It’s blatant admission time.
For as a child, I had a small cute adorable little hamster named Sleepy. Yes, the lack of knowledge in my still growing brain had no idea that hamsters were “nocturnal” animals — who sleep all day and play all night. Yes, I went ahead and named him Sleepy because despite some nighttime fun and excitement, this little adorable apple-chunk eating fluff-ball was like an unemployed roommate in the daylight hours.
Yet sadly, I would be responsible for his ultimate sleep.
Still, I shouldn’t be held accountable for killing my hamster. There was never any autopsy or any vet who came to the scene of the crime, broke out their flourescent hand held blue-light thingie and determined that my drool had been found near the habitrail and that it was me who was responsible. I wasn’t pursued on my Big Wheel by local authorities. I woke up one morning, looked over at my little caged pal, and realized that he just wasn’t moving.
So I squirted water on his tail, big deal.
Here’s the thing. If you decided to build your home on top of, oh let’s say, an old Indian burial ground and then suddenly family members started to die because of the spirits and ghosts who were buried in that Indian burial ground, and you actually happened to know you were building your house on top of an old burial ground (unlike the family in Poltergeist who had no idea they were building their house on an old burial ground) then it’s your fault you and your family died while living atop Chief Walks With A Limp’s burial ground. It’s not the city’s fault (who owned the land before you) and it’s not the local law enforcement’s fault (just because they didn’t show up to help you) and it’s definitely not the fault of anyone in that neighborhood who saw what was going on and just didn’t help.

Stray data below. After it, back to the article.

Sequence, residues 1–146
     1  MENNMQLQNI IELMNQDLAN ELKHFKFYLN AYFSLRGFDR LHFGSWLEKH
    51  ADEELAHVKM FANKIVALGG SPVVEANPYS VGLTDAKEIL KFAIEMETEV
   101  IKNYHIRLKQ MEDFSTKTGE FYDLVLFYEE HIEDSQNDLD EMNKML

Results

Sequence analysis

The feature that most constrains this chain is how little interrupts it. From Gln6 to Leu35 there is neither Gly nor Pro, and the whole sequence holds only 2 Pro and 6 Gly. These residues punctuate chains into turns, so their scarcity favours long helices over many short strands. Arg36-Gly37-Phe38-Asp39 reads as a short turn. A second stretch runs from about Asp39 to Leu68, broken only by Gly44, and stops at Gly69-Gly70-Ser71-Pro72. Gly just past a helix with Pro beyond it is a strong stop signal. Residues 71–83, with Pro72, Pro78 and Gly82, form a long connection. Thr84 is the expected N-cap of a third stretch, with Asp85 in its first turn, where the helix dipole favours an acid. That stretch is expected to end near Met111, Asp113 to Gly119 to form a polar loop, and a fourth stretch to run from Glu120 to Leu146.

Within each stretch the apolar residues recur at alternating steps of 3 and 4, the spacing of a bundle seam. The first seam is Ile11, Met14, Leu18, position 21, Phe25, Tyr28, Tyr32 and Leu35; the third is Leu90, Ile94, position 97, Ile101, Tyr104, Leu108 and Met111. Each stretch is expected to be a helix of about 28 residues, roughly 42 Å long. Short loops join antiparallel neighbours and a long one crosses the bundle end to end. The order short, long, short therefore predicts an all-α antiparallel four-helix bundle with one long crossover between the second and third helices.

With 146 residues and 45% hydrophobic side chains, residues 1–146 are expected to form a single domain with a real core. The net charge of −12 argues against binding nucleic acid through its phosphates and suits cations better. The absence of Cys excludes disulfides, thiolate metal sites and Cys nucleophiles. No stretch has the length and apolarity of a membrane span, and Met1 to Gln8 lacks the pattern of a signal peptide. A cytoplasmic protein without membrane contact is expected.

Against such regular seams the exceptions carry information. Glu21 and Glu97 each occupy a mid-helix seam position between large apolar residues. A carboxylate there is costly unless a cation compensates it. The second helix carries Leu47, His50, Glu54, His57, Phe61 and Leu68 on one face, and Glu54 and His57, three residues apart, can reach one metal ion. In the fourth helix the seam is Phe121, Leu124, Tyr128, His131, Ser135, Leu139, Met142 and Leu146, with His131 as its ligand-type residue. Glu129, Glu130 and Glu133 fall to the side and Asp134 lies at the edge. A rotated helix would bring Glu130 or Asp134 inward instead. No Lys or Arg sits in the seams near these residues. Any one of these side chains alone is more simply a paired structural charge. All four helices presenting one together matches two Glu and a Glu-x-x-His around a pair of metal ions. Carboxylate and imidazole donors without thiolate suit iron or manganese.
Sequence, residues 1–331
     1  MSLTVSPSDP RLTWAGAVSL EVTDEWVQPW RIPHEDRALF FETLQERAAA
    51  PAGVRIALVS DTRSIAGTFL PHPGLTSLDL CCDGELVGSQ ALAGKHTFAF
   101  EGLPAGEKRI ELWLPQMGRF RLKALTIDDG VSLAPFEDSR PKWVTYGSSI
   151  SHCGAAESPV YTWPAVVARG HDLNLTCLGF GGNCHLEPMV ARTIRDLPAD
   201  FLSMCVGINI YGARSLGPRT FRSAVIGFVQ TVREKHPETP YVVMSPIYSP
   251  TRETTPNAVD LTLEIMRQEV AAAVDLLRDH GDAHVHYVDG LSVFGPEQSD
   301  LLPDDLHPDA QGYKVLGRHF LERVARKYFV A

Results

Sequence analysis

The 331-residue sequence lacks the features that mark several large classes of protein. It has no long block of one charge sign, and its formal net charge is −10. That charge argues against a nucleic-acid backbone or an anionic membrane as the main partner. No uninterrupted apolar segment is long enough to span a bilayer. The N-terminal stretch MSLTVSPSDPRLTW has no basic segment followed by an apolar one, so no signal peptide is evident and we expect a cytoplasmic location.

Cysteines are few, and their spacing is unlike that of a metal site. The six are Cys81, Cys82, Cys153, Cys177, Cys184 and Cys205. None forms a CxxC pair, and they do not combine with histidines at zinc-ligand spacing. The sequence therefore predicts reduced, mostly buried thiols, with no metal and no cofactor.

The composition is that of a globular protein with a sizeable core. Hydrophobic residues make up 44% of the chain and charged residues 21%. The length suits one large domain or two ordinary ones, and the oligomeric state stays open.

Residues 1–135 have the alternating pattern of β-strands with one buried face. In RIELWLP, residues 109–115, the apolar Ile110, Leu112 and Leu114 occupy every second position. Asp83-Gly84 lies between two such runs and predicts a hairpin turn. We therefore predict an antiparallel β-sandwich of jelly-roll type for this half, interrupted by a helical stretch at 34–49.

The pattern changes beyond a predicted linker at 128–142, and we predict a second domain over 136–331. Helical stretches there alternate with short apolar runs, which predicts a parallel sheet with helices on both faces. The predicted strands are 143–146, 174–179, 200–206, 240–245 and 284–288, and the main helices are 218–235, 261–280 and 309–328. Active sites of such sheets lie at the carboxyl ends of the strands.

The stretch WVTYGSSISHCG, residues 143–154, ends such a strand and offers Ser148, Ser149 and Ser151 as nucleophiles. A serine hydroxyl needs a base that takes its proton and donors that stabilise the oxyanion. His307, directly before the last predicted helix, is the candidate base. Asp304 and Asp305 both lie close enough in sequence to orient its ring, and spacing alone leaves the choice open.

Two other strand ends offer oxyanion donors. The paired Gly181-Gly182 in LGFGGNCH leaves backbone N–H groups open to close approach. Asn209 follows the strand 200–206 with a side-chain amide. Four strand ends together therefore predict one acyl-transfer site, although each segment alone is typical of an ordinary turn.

All. Your. Fault.
So if my hamster Sleepy happened to build his little home of wood chips right under his own water bottle right there in the corner of his little plastic cage…and if periodically I happened to squeeze that water bottle and watched giddily and adolescently as water hit his tail and made him do a little shiver-dance…who is to blame?
Because had you, Mr. I Can Build My Wood Chip Home Wherever I Want hamster, actually built your home on the opposite side of the little plastic cage then there’d be no dripping water on your tail, no potential sickness and definitely no death at the hands of your owner, some guy who will remain unnamed for this portion of this piece.
Yeah yeah, so you’re saying out loud to the screen something like, “Well dude, you were still the bratty little kid who squeezed the water. That’s like saying, if you build your home somewhere and then some kid breaks the damn upstream and it floods your house and kills everyone that it wasn’t your fault.”
Let’s not get carried away here, okay?
A hamster cage doth not equal a home downstream from a dam. But while we’re on the subject of building your home downstream from a dam, can we go ahead and agree that if you build your house on down stream from a dam, on stilts, near a fault line, right on the beach, in the hills of a country where guerillas often control the political system instead of the elected officials, or near a Chuck E. Cheese Pizza Time Theater — it’s your fault, no matter what happens.
That being said, I should not be held accountable for killing my hamster.
Was I sad when he died? Yes. Do I regret my potentially fatal actions as a child? Of course. Do I think that when my parents got me a second hamster it contained the very angry soul of the hamster I potentially killed and that’s why the second hamster was always trying to bite me, always trying to escape, and eventually did so in the walls of our family’s two story house? Probably. Was giving away the second hamster a way for me to forget the entire situation and wipe my hands clean of the situation? Well, yeah. And also because that second hamster was psycho.
Am I sorry? You betcha.
But I just can’t help it when I say that if hamsters were smarter they’d build their wood-chip beds in better places, and had Sleepy been a smart hamster such as that he probably would have lived at least a few years more. And again, who builds a house under a water bottle?
I mean, seriously.
(It’s obvious I still haven’t come to terms with this.)